Aviation Historian 12
T.Newdick - A Paris avec les Soviets
50 years ago the Soviet Union brought its state-of-the-art airliners to the Paris Air Salon, including the Il-62 and An-22.
Big. But not as big as a Brabazon. Such was the rather peevish reaction of the British aviation press to the An-22 at Paris. It was nevertheless a remarkable sight on its arrival and one that could hardly fail to impress, with its 211ft 4in (64-4m) wingspan and four 15,000 s.h.p. Kuznetsov NK-12MA turboprops, each driving a contra-rotating pair of four-bladed propellers.
An exceptionally modern aircraft by contemporary standards, the Ilyushin Il-18 turboprop was designed for international and domestic routes. The prototype, named Moskva, first flew in July 1957 and the type had entered Aeroflot service by the spring of 1959. This example, CCCP-75581, was the first long-range Il-18D.
In 1965 the Mil Mi-6 was still the largest helicopter flying anywhere in the world, despite appearing to be smaller than the Mi-10, itself a development of the Mi-6. Since its first flight in 1957 the Mi-6 had set numerous helicopter world records for speed and payload-to-height. Note the stub-wing fitted to unload the rotor in flight.
Fitted with attractive wheel fairings and in a stylish white, grey-blue and red colour scheme, the Mil Mi-8 made a positive impression on the Western press, Flight noting that this was “a modern and handsome replacement for the Mi-4” which ‘‘gave a very comfortable ride”.
50 years ago the Soviet Union brought its state-of-the-art airliners to the Paris Air Salon, including the Il-62 and An-22.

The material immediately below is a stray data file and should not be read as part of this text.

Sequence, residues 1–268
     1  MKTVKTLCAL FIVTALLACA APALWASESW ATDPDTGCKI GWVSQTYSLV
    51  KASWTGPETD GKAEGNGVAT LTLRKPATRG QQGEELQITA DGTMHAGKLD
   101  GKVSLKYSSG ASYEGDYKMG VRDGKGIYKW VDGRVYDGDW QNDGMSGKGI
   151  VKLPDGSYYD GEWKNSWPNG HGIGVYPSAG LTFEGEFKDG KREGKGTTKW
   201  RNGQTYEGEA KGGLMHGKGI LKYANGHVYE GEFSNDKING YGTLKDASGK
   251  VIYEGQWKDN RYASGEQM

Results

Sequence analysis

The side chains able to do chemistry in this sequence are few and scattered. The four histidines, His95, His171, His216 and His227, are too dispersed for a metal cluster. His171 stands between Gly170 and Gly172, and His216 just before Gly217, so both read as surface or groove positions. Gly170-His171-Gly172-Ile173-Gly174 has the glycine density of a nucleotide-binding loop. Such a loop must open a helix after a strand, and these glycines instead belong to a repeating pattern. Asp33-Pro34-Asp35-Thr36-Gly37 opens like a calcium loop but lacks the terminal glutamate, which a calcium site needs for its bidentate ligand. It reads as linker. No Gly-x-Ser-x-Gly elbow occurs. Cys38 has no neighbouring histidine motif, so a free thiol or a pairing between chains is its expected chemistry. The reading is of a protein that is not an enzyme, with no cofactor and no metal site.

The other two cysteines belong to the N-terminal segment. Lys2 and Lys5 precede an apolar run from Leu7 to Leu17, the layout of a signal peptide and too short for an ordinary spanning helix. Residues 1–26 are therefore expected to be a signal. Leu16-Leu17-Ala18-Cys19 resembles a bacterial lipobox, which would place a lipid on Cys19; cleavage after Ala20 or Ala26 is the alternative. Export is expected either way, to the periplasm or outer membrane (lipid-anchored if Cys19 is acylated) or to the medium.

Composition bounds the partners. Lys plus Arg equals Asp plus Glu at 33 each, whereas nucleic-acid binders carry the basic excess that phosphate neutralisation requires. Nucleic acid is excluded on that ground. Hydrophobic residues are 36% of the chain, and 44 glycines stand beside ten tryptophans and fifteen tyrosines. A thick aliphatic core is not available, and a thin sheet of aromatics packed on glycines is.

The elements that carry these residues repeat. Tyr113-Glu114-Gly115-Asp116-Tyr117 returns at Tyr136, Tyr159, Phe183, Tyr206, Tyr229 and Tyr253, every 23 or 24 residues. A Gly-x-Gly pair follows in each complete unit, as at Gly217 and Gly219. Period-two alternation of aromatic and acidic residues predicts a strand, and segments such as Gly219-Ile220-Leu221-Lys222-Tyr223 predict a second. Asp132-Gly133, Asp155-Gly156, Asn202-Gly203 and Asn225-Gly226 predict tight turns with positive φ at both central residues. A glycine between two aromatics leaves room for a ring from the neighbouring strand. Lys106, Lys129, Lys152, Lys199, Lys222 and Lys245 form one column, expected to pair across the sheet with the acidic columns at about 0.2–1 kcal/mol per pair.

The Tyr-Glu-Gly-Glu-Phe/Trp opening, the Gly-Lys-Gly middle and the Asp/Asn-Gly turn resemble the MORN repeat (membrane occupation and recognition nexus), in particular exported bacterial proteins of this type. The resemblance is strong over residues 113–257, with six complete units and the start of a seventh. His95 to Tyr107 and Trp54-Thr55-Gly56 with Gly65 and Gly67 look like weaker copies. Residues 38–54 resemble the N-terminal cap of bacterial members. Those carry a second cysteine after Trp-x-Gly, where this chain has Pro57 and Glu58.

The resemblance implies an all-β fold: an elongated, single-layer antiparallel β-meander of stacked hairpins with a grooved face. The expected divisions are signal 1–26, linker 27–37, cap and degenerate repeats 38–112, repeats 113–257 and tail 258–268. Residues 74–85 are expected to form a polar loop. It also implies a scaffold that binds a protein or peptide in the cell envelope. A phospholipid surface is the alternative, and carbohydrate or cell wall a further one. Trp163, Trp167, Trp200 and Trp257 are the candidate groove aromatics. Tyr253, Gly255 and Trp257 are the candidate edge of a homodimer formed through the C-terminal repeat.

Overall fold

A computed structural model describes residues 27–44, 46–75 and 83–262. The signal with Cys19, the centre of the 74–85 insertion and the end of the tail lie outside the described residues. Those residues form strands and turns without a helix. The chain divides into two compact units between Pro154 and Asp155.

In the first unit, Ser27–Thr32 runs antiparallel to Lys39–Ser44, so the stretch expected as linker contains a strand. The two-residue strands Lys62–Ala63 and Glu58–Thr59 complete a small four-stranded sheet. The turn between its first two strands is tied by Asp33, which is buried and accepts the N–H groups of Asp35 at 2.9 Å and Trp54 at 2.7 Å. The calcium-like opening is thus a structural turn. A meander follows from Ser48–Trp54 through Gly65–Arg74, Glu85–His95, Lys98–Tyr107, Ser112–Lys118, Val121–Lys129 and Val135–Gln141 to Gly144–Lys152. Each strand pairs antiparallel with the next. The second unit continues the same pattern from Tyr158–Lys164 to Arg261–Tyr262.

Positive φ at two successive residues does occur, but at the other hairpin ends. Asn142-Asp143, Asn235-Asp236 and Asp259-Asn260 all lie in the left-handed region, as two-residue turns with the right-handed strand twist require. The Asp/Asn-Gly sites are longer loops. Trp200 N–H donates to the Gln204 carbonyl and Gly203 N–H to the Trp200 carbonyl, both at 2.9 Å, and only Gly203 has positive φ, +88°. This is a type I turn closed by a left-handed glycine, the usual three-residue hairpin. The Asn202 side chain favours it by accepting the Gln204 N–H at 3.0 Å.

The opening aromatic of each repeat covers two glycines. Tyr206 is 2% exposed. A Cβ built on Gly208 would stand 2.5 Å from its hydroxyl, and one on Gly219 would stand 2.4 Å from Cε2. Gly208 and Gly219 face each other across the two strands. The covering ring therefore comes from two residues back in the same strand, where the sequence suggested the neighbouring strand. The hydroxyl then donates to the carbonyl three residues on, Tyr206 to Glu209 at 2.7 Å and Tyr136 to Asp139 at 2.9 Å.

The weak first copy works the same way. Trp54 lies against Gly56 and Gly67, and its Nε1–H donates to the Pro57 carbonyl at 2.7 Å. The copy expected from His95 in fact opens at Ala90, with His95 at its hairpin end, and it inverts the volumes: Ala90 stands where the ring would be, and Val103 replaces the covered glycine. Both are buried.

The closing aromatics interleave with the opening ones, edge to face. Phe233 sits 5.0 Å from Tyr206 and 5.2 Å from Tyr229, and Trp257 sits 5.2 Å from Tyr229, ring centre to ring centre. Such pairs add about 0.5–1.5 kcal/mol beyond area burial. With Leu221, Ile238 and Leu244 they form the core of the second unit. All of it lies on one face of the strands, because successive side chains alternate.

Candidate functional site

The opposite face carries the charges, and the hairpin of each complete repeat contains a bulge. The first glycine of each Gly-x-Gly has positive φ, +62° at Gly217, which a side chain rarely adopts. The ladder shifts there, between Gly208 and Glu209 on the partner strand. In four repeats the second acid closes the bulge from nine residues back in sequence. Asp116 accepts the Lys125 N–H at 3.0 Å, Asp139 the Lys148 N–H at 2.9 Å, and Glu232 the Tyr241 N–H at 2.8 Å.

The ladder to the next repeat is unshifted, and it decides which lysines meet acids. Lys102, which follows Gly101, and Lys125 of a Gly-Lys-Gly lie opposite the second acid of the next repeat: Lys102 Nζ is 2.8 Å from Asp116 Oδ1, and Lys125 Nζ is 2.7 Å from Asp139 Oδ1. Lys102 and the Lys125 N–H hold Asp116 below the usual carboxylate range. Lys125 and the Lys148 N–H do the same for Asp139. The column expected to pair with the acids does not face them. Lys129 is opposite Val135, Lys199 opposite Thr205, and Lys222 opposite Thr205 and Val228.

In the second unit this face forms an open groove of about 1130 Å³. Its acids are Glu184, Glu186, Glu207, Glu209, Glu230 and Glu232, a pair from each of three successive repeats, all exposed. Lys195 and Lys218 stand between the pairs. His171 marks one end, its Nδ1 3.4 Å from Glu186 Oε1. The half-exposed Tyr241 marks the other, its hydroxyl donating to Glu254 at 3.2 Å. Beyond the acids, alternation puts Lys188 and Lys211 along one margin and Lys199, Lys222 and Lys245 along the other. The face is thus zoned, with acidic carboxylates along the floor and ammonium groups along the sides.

Of particular interest to the Western press was the Ilyushin Il-62, virtually a carbon-copy of the British BAC (originally Vickers) VC10. Flight’s report found the four-engined jetliner lacking in sophistication, pointing out that “there is a lot of snap-head riveting in the airframe, the flush-riveting is not flush and the doors are poorly fitted”.
The Il-62’s wing incorporated a “dog-tooth” contour and various twists to improve the four-engined jetliner’s stall characteristics after initial problems with its low-speed behaviour.
The second prototype Tupolev Tu-134, CCCP-45076, took pride of place at Paris as the Soviet Union’s latest short-haul twin-engined jetliner. It was to survive only another seven months, however, crashing on January 14, 1966, during one of its many test flights, when the rudder was over-extended, putting the airliner into a dive.
Nestling between the Soviet jet hardware at Paris, the Antonov An-24 was open to inspection by the press and public. Similar in configuration and size to the West’s extremely successful Fokker F-27 Friendship, the turboprop-powered An-24 (Nato codename Cokej was designed to operate from unpaved airfields of limited size.
Looking handsome in its Aeroflot scheme, the Antonov An-12 was one of the three Soviet transports that participated in the flying display at Paris. The other two were the An-24 and the Tu-134, along with the Mi-6, Mi-8 and Mi-10 helicopters.
Essentially a scaled-down Tu-104, the Tu-124 was designed to a 1957 specification for a jet-powered replacement for the Ilyushin Il-14 piston-engined short-hauler on domestic routes. The prototype made its maiden flight in March 1960 and the Cookpot, as it was designated by Nato, began Aeroflot services in October 1962.
Anything you can do... we can do bigger! Mil Mi-10 CCCP-04102 was by far the most unusual and impressive helicopter at the 1965 Paris show, startling spectators with its distinctive long-stroke quadricycle undercarriage of 19ft 8in (6m) track, which separated the fuselage from the ground by some 12ft 3!6in (3 75m).
The shapely V-tailed Antonov A-15 glider at Paris before the morning removal of its protective tarpaulin. The aluminium glider made its first flight in March 1960 and quickly set a number of world records. Some 350 examples were ultimately built.